Former Wagga council boss appointed special administrator of Mungabareena Aboriginal Corporation

Former Wagga general manager Alan Eldridge with then-mayor Rod Kendall in 2015.
Former Wagga general manager Alan Eldridge with then-mayor Rod Kendall in 2015.

Former council boss Alan Eldridge has taken the reins of a Riverina Indigenous organisation.

Mungabareena Aboriginal Corporation at Wodonga asked the Office of the Registrar of Indigenous Corporations (ORIC) to appoint a special administrator last month after months of community concerns and Mr Eldridge was appointed on Thursday.

According to ORIC, Mr Eldridge and his Australian Indigenous Business Services firm would work with the corporation’s staff and members, as well as government bodies, to improve the governance, structures and financial position of the corporation.

Mr Eldridge said he would attempt to address managerial and operational issues, something he had tried to do during his time at Wagga City Council. 

“What a lot of people don’t realise is that’s what I was trying to do in council,” Mr Eldridge said. “Turn it around and address the issues… no different from what I attempted to do at council.” 

In March this year, the Wodonga Aboriginal community sent a letter to the Mungabareena directors calling for their removal and in July, a meeting was held about their concerns. The organisation, which offers housing and health services, was important to the community.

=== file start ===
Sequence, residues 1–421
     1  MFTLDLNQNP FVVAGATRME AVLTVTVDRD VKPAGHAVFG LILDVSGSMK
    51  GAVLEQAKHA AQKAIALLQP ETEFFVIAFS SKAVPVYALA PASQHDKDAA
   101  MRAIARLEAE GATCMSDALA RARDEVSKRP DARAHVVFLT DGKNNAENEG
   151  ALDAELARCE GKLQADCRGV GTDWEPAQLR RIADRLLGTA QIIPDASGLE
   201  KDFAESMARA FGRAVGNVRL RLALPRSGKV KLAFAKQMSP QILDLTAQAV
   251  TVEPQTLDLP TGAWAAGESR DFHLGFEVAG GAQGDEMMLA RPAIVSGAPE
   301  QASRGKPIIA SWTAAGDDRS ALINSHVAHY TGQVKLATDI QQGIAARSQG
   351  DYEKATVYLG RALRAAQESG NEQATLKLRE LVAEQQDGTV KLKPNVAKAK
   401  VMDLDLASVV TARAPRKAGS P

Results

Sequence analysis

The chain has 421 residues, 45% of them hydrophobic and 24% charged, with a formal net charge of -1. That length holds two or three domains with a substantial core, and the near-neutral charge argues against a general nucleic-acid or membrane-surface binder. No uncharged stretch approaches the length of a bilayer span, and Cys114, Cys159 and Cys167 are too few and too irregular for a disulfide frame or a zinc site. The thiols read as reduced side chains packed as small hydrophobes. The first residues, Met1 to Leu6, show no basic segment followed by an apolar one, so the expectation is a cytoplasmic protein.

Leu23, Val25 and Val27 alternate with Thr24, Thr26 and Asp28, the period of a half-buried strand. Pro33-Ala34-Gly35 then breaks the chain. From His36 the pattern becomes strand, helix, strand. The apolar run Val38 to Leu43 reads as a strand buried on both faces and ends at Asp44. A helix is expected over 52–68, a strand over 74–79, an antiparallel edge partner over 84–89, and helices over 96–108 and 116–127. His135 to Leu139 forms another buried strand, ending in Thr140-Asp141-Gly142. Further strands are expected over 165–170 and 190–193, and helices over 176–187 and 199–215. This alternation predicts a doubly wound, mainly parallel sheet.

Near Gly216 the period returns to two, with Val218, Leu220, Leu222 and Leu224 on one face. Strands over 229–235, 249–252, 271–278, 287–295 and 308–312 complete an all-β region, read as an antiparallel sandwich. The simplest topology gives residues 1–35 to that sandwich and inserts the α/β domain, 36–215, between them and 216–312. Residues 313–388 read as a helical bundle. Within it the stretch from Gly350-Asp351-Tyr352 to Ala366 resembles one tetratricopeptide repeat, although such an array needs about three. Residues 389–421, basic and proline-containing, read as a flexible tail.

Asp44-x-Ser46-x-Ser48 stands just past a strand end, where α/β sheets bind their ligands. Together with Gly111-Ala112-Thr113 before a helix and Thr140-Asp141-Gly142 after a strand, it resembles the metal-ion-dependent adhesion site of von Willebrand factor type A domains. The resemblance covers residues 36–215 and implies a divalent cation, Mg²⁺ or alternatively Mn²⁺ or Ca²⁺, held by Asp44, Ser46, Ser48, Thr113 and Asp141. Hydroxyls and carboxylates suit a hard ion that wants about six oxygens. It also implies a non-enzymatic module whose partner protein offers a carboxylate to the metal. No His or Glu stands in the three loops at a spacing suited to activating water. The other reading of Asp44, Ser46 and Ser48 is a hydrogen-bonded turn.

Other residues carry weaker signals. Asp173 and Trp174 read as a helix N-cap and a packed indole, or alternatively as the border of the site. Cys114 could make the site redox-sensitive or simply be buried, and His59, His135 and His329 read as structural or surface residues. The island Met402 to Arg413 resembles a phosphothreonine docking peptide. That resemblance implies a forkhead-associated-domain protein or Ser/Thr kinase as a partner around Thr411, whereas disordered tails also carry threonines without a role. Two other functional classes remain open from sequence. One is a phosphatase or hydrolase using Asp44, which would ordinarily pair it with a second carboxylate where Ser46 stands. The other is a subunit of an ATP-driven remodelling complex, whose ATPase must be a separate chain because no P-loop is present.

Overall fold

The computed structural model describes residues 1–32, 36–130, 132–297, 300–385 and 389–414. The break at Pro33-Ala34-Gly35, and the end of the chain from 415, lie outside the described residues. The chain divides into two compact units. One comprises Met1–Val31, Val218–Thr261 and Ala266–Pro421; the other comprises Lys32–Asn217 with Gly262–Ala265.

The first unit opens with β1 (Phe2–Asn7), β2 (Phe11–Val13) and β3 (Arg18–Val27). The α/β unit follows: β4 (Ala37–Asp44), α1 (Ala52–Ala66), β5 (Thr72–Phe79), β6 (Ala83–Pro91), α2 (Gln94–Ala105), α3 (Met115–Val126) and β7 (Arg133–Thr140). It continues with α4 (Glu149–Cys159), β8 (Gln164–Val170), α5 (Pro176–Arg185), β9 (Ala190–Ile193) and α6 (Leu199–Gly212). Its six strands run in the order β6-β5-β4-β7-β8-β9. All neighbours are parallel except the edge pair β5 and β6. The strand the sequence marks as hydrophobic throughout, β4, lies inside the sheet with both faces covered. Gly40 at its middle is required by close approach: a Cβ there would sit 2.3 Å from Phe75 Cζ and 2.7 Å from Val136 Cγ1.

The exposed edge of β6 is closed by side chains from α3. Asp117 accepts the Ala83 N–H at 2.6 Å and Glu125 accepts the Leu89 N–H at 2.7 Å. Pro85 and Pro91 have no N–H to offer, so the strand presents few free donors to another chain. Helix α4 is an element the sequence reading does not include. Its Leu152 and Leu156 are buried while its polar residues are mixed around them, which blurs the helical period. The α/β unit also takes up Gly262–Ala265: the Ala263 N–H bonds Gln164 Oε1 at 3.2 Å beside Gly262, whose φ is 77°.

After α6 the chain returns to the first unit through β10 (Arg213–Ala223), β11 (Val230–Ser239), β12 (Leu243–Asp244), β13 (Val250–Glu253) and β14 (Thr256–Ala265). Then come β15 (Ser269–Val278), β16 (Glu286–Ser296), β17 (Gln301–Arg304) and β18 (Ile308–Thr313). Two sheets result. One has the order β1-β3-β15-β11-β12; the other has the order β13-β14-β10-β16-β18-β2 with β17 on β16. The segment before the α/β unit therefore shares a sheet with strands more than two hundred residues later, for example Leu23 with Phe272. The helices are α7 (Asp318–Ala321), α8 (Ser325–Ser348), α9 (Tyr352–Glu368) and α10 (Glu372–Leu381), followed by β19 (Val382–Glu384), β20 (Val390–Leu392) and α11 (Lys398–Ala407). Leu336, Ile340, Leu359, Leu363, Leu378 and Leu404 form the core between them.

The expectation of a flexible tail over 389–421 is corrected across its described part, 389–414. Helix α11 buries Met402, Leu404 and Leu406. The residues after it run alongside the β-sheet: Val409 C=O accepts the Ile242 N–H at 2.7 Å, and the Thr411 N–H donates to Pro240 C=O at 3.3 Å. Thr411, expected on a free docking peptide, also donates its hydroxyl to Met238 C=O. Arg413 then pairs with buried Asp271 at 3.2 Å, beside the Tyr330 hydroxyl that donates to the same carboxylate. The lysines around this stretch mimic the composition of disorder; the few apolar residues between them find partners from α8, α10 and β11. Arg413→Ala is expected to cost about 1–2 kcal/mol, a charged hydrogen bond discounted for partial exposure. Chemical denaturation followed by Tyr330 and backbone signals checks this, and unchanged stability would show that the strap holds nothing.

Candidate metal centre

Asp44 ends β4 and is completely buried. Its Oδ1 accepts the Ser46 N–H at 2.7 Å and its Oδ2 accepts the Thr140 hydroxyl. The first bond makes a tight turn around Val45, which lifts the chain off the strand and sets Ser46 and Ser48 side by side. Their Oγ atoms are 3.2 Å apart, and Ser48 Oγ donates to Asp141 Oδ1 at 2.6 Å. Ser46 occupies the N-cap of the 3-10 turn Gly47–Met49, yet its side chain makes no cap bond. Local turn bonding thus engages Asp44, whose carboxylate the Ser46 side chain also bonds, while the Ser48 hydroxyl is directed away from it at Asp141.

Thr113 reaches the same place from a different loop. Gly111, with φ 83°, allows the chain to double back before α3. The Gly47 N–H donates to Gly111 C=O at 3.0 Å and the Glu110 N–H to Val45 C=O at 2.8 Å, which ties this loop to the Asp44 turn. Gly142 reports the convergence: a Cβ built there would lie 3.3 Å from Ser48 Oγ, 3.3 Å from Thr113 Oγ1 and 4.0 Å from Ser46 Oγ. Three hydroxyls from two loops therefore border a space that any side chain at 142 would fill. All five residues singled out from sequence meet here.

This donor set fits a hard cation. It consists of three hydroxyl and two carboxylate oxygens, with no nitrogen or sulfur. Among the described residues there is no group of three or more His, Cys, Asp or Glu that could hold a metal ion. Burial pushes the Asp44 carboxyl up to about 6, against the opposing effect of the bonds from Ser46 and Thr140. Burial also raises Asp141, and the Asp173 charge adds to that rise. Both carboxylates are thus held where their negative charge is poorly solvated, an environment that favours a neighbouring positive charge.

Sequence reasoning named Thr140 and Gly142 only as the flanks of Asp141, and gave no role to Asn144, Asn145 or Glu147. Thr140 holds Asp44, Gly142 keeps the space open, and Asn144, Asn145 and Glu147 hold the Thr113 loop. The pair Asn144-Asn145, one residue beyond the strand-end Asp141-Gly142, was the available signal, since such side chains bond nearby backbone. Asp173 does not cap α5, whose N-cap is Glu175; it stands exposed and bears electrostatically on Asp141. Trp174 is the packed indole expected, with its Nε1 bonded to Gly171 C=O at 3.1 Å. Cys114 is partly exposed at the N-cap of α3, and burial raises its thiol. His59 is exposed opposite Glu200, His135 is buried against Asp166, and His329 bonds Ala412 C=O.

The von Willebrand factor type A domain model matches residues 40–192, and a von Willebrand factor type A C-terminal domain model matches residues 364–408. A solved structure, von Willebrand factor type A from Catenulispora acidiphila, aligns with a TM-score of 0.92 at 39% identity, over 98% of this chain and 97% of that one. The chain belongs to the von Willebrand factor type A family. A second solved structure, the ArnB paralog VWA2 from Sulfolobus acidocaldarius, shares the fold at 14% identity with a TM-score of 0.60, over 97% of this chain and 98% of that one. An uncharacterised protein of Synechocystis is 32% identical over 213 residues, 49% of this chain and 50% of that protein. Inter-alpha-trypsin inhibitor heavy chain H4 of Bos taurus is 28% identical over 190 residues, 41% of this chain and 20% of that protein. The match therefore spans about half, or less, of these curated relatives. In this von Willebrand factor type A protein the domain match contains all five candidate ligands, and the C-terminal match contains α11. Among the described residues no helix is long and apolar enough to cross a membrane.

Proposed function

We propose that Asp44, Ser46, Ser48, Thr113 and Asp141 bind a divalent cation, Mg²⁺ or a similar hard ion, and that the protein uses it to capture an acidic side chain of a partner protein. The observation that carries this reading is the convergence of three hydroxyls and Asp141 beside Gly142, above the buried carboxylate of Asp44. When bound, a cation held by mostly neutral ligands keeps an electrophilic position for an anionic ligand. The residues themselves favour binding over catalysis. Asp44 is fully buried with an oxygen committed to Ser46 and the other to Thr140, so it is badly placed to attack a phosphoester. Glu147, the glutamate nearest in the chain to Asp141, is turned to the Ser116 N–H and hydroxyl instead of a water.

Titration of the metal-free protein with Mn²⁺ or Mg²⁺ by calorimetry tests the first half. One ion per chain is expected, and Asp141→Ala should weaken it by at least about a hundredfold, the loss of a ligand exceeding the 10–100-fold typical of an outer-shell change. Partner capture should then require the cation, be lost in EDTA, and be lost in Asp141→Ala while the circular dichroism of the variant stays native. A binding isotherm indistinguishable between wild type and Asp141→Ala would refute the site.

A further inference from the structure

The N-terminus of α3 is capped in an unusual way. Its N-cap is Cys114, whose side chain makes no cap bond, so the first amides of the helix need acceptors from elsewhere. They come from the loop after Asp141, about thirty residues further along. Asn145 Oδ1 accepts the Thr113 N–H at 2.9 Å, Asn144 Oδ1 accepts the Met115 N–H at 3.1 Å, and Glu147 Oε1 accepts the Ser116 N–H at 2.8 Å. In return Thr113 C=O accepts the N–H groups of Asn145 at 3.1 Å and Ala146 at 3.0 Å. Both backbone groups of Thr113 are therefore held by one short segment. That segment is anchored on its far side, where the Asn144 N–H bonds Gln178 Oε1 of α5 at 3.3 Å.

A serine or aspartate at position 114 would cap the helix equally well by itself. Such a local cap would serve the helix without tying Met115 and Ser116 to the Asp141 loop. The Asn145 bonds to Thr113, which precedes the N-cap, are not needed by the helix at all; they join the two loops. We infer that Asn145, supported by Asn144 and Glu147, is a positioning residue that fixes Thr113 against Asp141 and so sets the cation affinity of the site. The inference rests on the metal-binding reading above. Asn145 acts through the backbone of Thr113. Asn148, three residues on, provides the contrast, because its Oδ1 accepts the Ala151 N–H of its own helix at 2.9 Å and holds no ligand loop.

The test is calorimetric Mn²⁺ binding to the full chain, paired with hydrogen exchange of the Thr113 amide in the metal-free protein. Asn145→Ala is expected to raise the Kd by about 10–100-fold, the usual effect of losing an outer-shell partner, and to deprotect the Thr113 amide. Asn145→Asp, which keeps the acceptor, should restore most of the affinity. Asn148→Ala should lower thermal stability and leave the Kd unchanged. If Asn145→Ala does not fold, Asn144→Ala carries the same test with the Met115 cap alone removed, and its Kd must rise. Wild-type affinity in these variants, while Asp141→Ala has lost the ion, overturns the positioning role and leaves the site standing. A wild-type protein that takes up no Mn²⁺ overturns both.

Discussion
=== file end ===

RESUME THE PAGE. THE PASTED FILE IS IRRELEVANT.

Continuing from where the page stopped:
It’s the first major role for Mr Eldridge since he was sacked by Wagga City Council in February, amid allegations of failing to properly declare an interest. When Mr Eldridge was first appointed acting general manager in 2015, then-mayor Rod Kendall lauded his background in management and as a special administrator.

Mr Eldridge said he had been a special administrator for 20 years, working at “around 180 or 190 organisations – large companies, small companies, multi-million dollar companies”. And while the split from council was less than amicable, Mr Eldridge was looking forward to working with the Aboriginal community in Wodonga.

“I’ve established a good relationship there already,” he said. “I become solely responsible (and) my job is to assume responsibility of the board and basically oversee the operation and make whatever decision… firstly to assess and see if the organisation is viable. Then when that’s done I’ll work closely with the community – there’s a commitment to work with the community – and we set a strategic remediation plan going forward.”

Mr Eldridge will hold the position until March 8, 2018.

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